Wednesday, May 28, 2008

Cover Blurbs

I'm working on gathering some blurbs for the back of the Cashiers du Cinemart book. So far these are the best I've come up with:

"An amateur fanzine put together by a bitter hack... poorly executed and a waste of time. The writing is weak and uninformed." - Chris Gore, Film Threat

"A thin, primitive hobby publication with an obvious ax to grind... Killing one more tree for [this] pointless, directionless, self-aggrandizing 'zine with nothing to offer is a sad, selfish waste." - Dave Williams, Film Threat Video Guide

For some reason I think I'm rather proud of getting these badges of honor over the years. I continue to hunt for other opinions by people I respect.

Indy Jones Story

As promised, I returned to my story from Cashiers du Cinemart #9 with the release of INDIANA JONES AND THE KINGDOM OF THE CRYSTAL SKULL. The new piece, "Digging at the Bones of Indy Jones," is featured in this week's Metro Times.

It's funny but I feel like I'm in the minority of critics with my opinion of Indy Jones 4. It's not the best film ever made, that's for sure, but my expectations were so low and it didn't slap me in the face with suckiness that I gave it a passing grade. With George Lucas behind the scenes we should all know that it could have been a lot worse.

Tuesday, May 27, 2008

Not Done with D/s

I've been thinking about going back and expanding my piece on D/s in film that I wrote for the Metro Times last week. I'm not done exploring the way that this has been portrayed in film and I continue to find more movies that employ it as a central theme including:

  • The Piano Teacher
  • The Image
  • Demonlover
  • Dominatrix
  • The Bitter Tears of Petra von Kant
  • Conspirators of Pleasure
  • Tipping the Velvet

And more. I may just go ahead and review these flicks and post 'em here if I can't find another venue. Something to look forward to!

Monday, May 26, 2008

The Next David Goodis Film

Of all the David Goodis works that have come to the silver screen, it's remarkable that one of his most popular, Cassidy's Girl, eluded adaption. Not so fast, hardboiled/film fans. Photographer/filmmaker Edward Holub has been working fervently to bring the tawdry tale to a theater near you.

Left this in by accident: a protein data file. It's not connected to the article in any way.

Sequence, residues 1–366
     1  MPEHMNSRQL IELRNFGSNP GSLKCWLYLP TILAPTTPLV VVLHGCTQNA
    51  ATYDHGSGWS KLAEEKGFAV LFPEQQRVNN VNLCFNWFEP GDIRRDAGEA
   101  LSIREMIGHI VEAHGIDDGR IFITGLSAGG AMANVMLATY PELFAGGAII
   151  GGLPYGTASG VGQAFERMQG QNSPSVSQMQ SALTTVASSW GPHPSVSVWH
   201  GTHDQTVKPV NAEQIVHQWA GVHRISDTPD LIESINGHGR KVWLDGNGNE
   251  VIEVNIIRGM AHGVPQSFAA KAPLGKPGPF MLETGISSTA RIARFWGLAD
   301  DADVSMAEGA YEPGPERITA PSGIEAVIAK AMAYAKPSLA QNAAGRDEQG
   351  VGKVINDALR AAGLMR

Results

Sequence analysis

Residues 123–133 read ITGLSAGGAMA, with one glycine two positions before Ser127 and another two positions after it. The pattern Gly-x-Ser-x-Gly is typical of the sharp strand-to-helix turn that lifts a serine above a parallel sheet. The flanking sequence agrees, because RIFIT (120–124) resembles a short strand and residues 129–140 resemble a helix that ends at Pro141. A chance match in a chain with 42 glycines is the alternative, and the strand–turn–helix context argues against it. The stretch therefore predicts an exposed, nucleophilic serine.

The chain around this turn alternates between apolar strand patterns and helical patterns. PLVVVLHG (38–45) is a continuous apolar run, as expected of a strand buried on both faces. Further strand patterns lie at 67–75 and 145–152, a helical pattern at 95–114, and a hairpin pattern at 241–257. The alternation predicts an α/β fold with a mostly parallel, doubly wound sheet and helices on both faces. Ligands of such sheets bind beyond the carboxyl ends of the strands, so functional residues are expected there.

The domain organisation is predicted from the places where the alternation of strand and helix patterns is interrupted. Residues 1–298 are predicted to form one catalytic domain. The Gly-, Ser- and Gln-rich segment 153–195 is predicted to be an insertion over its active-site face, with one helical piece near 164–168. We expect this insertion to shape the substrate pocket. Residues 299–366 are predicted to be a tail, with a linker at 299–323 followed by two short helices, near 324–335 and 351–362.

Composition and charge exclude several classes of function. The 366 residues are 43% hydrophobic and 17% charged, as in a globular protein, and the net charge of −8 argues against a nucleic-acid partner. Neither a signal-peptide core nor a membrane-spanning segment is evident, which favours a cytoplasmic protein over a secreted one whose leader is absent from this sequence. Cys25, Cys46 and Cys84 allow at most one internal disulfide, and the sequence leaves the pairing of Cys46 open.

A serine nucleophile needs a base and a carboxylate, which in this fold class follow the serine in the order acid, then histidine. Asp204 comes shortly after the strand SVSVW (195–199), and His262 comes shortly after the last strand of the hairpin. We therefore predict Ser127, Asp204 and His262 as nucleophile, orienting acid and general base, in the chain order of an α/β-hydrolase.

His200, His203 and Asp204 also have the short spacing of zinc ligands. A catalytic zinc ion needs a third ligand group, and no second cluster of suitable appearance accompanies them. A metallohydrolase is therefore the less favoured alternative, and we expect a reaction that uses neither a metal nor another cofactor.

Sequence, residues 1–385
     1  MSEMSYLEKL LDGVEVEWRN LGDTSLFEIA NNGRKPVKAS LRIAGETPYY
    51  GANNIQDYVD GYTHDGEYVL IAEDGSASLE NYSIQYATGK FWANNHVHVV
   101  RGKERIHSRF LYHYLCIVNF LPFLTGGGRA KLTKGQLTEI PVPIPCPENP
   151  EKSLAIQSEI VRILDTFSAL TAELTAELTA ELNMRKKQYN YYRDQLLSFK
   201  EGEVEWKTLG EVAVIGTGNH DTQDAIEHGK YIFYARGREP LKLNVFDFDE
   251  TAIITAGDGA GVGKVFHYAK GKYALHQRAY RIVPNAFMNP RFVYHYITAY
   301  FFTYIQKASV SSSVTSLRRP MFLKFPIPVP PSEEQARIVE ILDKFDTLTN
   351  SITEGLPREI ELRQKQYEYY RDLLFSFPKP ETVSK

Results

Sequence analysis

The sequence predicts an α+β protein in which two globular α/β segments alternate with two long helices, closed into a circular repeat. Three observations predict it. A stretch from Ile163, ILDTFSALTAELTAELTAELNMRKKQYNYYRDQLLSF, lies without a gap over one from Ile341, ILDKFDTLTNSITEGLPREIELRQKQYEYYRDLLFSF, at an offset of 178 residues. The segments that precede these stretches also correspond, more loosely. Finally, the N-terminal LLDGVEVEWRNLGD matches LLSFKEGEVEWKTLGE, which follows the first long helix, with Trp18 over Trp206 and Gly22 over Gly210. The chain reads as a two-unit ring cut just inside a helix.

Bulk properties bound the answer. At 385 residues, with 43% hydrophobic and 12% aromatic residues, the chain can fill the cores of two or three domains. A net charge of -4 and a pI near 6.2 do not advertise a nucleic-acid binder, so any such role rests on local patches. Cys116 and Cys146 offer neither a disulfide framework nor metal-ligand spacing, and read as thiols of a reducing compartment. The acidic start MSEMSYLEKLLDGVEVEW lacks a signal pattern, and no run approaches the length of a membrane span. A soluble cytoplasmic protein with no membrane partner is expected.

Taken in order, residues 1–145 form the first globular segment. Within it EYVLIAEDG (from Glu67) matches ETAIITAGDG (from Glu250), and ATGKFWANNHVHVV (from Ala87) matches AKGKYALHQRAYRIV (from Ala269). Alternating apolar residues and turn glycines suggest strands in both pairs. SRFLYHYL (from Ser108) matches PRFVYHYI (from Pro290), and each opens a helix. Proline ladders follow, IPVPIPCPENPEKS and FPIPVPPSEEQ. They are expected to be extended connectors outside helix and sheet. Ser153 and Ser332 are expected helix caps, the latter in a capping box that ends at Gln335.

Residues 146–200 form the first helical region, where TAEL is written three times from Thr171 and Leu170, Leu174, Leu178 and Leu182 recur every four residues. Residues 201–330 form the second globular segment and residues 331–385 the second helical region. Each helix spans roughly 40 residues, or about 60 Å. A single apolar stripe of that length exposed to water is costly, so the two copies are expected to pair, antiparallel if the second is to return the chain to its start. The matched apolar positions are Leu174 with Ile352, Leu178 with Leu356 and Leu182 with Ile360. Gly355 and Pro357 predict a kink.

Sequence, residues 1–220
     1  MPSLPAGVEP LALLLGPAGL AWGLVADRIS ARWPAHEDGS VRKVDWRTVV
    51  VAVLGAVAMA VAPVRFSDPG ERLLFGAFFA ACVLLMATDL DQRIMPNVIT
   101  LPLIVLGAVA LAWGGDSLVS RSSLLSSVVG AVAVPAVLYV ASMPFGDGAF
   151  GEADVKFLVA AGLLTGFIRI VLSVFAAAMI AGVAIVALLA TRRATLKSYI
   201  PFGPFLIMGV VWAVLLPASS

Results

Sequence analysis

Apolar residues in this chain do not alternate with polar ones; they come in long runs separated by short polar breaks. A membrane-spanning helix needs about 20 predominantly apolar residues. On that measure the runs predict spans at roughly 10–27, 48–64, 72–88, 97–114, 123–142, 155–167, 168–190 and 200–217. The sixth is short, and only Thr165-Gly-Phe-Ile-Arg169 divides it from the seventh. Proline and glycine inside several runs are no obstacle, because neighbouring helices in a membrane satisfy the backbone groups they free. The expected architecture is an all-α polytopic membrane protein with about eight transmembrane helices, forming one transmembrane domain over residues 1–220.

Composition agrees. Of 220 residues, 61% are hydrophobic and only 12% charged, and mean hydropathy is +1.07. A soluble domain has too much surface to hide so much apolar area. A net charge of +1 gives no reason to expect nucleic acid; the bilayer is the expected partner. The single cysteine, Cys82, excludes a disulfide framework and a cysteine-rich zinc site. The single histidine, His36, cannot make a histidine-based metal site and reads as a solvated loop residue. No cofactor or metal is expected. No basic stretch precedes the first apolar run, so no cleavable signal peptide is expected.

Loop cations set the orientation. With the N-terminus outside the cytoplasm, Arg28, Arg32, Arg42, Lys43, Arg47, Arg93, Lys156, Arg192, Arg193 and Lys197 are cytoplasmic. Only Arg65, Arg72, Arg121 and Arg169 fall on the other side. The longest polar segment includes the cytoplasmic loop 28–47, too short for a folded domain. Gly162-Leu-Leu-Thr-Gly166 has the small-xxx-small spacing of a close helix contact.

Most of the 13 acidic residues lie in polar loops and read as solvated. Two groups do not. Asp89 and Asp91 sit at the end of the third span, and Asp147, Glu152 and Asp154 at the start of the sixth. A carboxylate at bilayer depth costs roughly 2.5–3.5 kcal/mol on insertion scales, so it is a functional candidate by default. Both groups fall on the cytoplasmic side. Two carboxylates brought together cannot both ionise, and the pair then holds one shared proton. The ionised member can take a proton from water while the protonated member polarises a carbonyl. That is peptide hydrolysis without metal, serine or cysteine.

Duane Swierczynski interviewed Holub back in March 2007 over at his Secret Dead Blog. I have yet to see Holub's film NIGHT RUNS RED (it's on order) but I'm very familiar with his photographic work, having done scads of covers for Black Lizard and other publishers. One of his images has been appropriated by at least one video seller on iOffer for their film noir selections. If Holub brings his photographic eye to his film work, we'll all be in luck when CASSIDY'S GIRL gets off the ground. Keep up to date at

Thursday, May 22, 2008

Indiana Jones and the Kingdom of the Crystal Skull

Hold on to your hats (and your whips and guns), Indiana Jones is back. The Jones saga has survived the near two decade hiatus, returning free of dismal comic relief, extraneous characters, and cutesy references that stop the story in its tracks. In other words, fans of the Indiana Jones films need not worry; George Lucas hasn’t pissed all over another one of your cherished series. Despite early reports, Shia LaBeouf’s character of Mutt Williams is not the second coming of Jar Jar Binks.

Recalling the mirth and mystery of Raiders of the Lost Ark, Kingdom of the Crystal Skull is rife with fistfights, high adventure, and (gasp) plenty of scenes of Indiana Jones exploring ancient ruins. If Temple of Doom and The Last Crusade were lacking any one thing, it was Jones doing what he did best; fighting through layers of cobwebs in search of items lost to antiquity. Also, you can forget the bizarre “This belongs in a museum!” mantra (a sour note from The Last Crusade), this Indiana Jones loves unwrapping riddles and the thrill of discovery.

Elements of the Kingdom of the Crystal Skull plot have been bouncing around for years, going back to a script by Jeb Stuart in 1995. The title of the script, “Saucer Men from Mars” even makes an appearance in the ‘new’ David Koepp script. Likewise, Crystal Skulls have plagued the good doctor in four of the Indiana Jones adventure books penned by Max McCoy.